The results from Storage magazine’s most recent Purchasing Intentions survey brings up a couple things that should interest storage VARs. While there is still a recession on and budgets are certainly tight, opportunities are there. As an example, the average storage budget allocation is broken out as follows:
39% Disk hardware
13% Maintenance fees
12% Storage software [including backup software]
8% Storage network hardware
7% Professional services
7% Removable media [tapes]
First off, where are the tape libraries in this breakdown? Hmm. Also, when you consider the fact that backup infrastructure consumes a good portion of the maintenance and storage software budget and that backups suck a lot of time from the IT staff, (did I just say “backups suck”?), you realize a large portion of the total budget goes to backups. When you add up staff, maintenance, software and tapes, you’re at 46% of the total budget. Now, this won’t all be backup-related, but a good piece of it is.
Maybe outsourcing backup would be the right option. There are certainly a lot of online and outsourced backup services available for VARs. But for many organizations, the fact that most of these focus on backup, instead of recovery makes them less attractive. Organizations that have had an outage or “data loss event” certainly know that backup is only the start — and recovery is where the rubber meets the road. The term “recovery service provider” has recently entered the data protection space, and it may be the missing piece for a lot of companies.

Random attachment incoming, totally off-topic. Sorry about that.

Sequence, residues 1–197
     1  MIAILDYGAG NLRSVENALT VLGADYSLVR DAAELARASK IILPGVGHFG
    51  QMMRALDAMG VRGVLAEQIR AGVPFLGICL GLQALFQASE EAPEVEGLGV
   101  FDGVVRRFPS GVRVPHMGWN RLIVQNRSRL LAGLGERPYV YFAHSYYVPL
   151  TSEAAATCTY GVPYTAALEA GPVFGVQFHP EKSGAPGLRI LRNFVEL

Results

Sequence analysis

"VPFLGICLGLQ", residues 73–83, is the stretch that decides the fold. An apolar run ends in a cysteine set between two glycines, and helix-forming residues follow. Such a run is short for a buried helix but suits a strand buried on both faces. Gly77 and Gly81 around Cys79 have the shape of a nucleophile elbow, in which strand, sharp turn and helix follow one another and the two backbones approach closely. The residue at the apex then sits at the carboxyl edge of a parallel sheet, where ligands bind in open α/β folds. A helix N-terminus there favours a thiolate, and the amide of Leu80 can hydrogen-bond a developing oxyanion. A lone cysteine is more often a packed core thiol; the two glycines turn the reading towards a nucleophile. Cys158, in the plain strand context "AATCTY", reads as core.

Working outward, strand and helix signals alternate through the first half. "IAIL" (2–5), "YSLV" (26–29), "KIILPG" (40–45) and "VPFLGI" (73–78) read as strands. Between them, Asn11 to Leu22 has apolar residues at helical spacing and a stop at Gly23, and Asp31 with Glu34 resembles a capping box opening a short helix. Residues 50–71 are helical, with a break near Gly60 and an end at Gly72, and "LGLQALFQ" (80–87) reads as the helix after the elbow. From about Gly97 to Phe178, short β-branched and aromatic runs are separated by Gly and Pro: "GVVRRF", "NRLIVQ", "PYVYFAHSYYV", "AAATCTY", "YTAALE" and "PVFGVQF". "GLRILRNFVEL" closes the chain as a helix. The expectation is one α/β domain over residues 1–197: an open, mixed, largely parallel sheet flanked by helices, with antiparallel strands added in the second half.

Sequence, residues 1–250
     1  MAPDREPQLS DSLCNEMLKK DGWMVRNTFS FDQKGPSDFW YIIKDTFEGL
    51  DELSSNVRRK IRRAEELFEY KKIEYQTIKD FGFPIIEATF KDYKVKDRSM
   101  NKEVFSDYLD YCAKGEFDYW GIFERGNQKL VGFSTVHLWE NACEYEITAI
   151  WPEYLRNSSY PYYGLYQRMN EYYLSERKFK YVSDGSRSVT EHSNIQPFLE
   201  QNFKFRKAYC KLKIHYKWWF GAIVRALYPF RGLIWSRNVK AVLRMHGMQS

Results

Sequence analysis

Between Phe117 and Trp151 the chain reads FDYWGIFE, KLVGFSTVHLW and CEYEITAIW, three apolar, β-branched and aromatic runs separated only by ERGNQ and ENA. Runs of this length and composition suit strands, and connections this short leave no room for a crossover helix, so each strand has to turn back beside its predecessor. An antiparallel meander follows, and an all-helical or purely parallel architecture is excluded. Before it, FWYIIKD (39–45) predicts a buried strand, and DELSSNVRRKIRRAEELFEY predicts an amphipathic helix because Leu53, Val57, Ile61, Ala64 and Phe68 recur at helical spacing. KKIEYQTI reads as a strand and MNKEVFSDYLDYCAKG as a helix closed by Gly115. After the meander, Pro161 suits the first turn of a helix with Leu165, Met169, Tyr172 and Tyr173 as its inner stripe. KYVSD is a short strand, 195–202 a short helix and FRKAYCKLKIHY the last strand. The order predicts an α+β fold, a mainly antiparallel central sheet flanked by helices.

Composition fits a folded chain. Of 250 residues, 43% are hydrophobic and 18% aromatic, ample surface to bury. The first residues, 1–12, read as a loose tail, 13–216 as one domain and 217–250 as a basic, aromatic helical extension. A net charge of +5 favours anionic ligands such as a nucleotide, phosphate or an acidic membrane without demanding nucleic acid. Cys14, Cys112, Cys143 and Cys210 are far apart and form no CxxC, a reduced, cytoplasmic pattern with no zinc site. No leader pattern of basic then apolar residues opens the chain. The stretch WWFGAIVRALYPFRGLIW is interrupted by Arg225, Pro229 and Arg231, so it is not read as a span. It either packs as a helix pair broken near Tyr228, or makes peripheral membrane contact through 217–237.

Selling recovery services also has a number of attractive aspects for VARs. It’s a solution users are looking for, it can be an easier way to displace an existing system and it provides a recurring revenue stream.
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